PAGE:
Can you really make a living as a freelance writer?
Are you trying to get work as a freelance writer, only to continually run into ads that say things like this:
As Much Work as You Can Handle: The project involves profiles of 500 to 1000 words. Samples are based off of our work log, so accepted ones will be compensated. Each accepted sample will be paid for at a rate of $12 each.”
Oooh. As much barely compensated work as I can handle? Sign me up!
It took me about three and half seconds to find a ridiculous job ad to post here because there’s such a depressing wealth of material out there.
So where else can freelancers go to find paying jobs? There are some sites where freelancers can hawk their services, but that begs this question:
Are Elance and Odesk a scam?
If you create a profile on a site like Elance or Odesk, the idea is that work should just come to you. People always ask me if these sites are scams. I can’t say for sure, but even if they’re not, there are plenty of other reasons to hate them.
On its homepage, Elance boasts that it has 386,500 writers. Let’s put that into perspective. Wembley Stadium holds a max capacity of 90,000 souls. So you actually have a better chance of being randomly picked from the crowd to dance onstage with Bono during a sold-out U2 concert than you do to get your profile seen on that site. (And in case you’re wondering who U2 is, here ya go). You might as well buy a lottery ticket.
Say it with me, peeps: F*ck that shit. (‘Scuze the profanity, but sometimes a “f*ck that shit” is called for.)
The high cost of unpaid work
No wonder so many writers are down in the dumps.
Continually coming up against absurd job ads or nearly insurmountable odds to make a few bucks — or in some cases, not even that — can take a toll.
The fact is, there are a lot of people who de-value writing. Since most people write all the time — emails, social media updates, etc — they argue that writing isn’t all that hard, so they shouldn’t have to pay out to get someone to fill some space on their website.
But listen, just because everyone can sing in the shower doesn’t mean everyone should cut an album. You and I know that there’s a difference between updating your Facebook page and writing a quality article that’s going to connect with readers.
There will probably always be those $12 job posts floating around out there. The key is to divorce yourself from that world entirely and start playing on a different level.
Why now is a great time to be a freelance writer
Most of the aspiring freelance writers I know fall into two groups:
- People who have professional writing backgrounds but can’t find/can’t land or don’t want a full-time job. Many of these people are scratching their heads, trying to figure out how to translate their considerable skill sets into paid work at a time when the traditional publishing industry is on life support and many businesses are only hiring writers at entry-level salaries.
- People who have never made their living as writers, but who write a LOT. These people have probably done unpaid work creating articles for various sites in exchange for “exposure.” They probably have their own blogs, which they may have tried to monetize through affiliate ads, sponsorships, or memberships. These people want to make the leap into serious PAID writing, but struggle to be taken seriously as anything more than hobby bloggers.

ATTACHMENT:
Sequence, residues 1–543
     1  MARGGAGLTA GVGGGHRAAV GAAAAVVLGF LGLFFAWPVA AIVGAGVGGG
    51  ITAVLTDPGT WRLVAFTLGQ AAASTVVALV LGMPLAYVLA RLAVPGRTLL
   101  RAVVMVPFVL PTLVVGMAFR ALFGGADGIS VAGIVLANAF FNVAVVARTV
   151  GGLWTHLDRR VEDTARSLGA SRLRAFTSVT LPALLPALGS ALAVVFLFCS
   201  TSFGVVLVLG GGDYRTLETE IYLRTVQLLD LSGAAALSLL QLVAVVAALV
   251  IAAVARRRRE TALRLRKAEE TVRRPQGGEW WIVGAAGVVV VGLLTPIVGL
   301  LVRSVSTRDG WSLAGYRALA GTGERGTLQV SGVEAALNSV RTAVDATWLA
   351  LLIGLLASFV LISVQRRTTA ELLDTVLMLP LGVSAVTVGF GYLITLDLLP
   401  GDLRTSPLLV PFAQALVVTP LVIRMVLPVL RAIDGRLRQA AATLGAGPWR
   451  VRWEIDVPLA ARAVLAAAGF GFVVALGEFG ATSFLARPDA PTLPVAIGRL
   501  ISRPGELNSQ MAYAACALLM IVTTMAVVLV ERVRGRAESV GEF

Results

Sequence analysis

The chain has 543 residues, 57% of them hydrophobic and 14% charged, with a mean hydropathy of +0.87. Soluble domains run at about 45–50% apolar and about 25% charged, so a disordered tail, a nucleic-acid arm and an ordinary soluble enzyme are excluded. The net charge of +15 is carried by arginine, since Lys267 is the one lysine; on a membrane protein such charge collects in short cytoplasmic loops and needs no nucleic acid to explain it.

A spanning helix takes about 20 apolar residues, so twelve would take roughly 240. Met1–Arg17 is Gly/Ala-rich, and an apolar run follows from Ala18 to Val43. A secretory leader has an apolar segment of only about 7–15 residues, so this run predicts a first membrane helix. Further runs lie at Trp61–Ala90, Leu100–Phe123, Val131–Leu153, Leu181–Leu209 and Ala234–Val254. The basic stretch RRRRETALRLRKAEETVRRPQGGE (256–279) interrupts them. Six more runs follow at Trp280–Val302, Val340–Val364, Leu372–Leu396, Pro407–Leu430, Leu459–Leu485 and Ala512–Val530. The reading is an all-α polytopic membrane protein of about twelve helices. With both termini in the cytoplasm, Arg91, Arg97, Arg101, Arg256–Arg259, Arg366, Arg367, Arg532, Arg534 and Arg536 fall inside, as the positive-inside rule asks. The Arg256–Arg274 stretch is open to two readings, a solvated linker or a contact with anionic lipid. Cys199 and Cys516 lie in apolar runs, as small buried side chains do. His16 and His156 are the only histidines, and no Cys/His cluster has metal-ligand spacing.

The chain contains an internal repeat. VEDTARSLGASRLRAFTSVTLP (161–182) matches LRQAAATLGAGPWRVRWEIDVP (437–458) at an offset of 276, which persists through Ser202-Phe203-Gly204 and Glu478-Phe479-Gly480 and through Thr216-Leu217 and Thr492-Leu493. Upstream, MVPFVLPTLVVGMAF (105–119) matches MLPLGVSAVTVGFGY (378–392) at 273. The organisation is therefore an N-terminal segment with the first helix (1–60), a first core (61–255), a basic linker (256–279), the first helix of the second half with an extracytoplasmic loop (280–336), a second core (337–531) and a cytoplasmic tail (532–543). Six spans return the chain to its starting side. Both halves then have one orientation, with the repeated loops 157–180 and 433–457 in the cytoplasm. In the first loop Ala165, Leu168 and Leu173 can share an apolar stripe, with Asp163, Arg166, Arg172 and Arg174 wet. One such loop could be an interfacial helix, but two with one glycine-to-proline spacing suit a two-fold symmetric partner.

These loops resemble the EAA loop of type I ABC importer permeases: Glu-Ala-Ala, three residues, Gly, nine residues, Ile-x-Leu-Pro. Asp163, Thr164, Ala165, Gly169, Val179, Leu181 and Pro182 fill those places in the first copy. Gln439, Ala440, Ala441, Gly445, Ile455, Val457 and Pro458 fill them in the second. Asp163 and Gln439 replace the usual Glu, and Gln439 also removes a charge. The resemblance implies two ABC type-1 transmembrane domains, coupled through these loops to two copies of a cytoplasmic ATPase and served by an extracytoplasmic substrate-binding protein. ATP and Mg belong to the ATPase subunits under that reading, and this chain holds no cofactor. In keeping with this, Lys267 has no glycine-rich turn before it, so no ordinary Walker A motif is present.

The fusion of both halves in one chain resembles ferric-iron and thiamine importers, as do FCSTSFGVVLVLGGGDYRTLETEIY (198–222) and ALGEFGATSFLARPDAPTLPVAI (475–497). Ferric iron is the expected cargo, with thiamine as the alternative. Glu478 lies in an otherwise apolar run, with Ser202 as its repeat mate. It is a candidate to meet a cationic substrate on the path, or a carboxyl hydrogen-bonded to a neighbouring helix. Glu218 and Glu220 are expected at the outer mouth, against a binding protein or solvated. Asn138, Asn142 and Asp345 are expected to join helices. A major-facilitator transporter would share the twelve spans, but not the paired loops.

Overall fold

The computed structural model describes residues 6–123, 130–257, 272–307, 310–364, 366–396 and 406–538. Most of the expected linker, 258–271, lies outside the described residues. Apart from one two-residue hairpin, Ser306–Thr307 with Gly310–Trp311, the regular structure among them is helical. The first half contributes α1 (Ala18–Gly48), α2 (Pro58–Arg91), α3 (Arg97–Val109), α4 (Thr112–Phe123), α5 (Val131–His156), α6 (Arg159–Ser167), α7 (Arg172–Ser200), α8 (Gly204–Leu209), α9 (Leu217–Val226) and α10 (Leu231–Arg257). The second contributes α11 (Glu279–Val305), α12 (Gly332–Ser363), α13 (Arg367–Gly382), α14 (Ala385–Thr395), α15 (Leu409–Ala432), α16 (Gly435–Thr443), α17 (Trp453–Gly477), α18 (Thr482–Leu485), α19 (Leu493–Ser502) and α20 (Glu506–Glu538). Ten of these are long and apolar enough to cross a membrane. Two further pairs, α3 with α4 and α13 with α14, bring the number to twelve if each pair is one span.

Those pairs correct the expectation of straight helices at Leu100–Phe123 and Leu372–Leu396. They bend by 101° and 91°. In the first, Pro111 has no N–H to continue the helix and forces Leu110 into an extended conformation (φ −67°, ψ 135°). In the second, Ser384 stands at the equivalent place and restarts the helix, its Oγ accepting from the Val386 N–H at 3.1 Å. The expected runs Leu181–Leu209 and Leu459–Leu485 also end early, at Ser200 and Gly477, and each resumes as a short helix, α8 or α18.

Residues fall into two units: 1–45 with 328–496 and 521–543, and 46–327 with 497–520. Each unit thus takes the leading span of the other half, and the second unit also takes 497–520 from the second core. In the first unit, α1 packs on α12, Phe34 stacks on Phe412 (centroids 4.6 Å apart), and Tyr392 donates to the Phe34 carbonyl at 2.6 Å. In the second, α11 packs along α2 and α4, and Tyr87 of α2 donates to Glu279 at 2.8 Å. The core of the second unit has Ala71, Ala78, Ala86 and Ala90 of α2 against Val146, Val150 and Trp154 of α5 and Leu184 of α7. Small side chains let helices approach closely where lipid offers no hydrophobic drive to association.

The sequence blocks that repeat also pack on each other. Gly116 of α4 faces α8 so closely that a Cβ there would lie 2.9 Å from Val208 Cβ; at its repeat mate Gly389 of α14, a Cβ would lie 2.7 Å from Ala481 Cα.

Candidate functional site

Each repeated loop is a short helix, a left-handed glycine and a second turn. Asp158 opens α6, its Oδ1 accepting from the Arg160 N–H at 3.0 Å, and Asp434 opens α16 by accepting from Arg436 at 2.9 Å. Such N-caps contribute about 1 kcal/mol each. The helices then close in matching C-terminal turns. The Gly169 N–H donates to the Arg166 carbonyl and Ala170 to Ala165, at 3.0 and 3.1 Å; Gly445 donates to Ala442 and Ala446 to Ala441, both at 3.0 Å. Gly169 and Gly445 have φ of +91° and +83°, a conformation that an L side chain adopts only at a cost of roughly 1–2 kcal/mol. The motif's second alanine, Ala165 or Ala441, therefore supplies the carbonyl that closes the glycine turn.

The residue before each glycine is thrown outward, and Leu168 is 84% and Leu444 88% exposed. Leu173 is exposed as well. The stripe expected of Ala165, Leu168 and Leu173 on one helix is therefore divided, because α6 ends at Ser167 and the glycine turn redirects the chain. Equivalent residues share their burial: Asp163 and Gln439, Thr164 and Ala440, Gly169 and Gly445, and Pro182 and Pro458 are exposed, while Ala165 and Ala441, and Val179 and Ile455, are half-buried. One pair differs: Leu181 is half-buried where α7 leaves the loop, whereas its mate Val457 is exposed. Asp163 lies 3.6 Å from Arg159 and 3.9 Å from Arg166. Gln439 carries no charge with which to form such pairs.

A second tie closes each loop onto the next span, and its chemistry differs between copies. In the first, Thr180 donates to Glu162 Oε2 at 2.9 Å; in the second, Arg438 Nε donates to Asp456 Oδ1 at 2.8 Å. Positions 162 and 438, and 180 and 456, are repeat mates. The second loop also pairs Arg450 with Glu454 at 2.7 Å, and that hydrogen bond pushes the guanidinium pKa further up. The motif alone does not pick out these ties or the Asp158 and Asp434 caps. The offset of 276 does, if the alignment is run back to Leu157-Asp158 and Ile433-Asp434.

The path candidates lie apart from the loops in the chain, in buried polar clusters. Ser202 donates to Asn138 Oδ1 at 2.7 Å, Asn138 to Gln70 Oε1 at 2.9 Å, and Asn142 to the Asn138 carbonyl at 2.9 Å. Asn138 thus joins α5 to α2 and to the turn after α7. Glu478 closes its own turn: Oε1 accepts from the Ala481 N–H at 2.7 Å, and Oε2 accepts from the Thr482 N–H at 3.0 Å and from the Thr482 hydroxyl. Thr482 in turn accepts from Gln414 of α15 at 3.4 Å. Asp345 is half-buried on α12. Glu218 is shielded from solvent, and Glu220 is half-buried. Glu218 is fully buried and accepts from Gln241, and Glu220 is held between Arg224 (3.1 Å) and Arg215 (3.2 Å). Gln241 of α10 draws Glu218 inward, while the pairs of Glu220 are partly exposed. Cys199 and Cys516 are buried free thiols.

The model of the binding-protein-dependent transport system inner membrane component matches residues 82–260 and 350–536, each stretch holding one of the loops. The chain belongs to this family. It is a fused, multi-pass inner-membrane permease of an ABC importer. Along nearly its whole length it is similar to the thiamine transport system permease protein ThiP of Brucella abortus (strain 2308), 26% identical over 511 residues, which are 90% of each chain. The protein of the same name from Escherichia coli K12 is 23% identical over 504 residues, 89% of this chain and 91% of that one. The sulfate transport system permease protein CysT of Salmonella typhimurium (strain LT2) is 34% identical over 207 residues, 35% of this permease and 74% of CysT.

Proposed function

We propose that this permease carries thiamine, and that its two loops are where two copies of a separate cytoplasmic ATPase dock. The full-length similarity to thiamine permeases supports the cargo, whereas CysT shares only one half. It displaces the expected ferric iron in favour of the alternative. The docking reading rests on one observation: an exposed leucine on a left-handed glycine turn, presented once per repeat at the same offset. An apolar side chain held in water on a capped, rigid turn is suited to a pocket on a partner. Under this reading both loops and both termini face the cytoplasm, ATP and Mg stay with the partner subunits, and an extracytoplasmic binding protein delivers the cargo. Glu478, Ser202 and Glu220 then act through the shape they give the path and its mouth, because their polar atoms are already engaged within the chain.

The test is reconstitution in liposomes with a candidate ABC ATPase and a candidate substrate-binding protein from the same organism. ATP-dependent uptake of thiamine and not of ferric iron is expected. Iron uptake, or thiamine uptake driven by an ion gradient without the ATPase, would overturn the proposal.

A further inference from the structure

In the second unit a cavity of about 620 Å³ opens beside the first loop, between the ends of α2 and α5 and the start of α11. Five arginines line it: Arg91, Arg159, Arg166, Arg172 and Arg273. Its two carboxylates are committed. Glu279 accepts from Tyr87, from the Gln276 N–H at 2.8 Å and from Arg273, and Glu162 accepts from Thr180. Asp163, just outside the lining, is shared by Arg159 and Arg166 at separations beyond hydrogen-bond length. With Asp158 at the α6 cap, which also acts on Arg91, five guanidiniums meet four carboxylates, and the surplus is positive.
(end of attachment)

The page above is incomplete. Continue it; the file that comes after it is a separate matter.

I have good news for both groups: You’re probably more employable than you think. You just need to know how to package your skills in a way that the right businesses will see your value (and let’s be clear: by “see your value” I mean “pay you money”).
Can we call it PAYlance instead?
Over the next buncha weeks, I’m going to post a new article every week showing you exactly how to get paid work. There’s a lot to say, so we’re going to take it all in bite-size chunks.
Since this is our intro week, I’m going to give you a deceptively simple homework assignment — however, it’s hugely powerful if you ever want to make a living as a freelance writer. (Can I just smack the idiot who coined the term freelance? Talk about a misnomer.)
You have to take to the PAYlance Pledge. And yes, I’m going to insist that you stand up and raise your right hand and say this out loud for the world to hear it.
The PAYlance Pledge:
I hereby promise that I will no longer de-value my time and my skills by applying for jobs that pay a lower hourly rate than that received by fast-food workers. I will not write in exchange for ‘exposure’ unless I have solid proof that the website is going to build my professional credibility in a way that will eventually lead to dollars in my pocket. From today on, I will honor my skills and my talent by only conducting business with people who see my worth.”
(Favor? I’d love to see this in action. Tweet me a pic of yourself taking the pledge @TrishSammer. Tag it #PAYlancepledge.)
Gettin’ down to the nitty gritty
Here are some topics we’re going to cover in the coming weeks:
- How to best match your skill set to legit businesses that pay real money
- Strategies for bringing in a consistent, predictable monthly income
- How to identify the right (and wrong) companies to work for
- How to figure out what to charge
- How to network effectively (and in way that doesn’t involve tweeting at strangers until they notice you)
- How to stop begging for work by building your referral pipeline so works come to you
- How to wow your clients once you land them (and how to deal with the difficult ones)
Next week, we’re going to dive into something really meaty that you absolutely should not miss: The #1 way I make money blogging for businesses.
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Here’s to getting PAID for your work in 2015!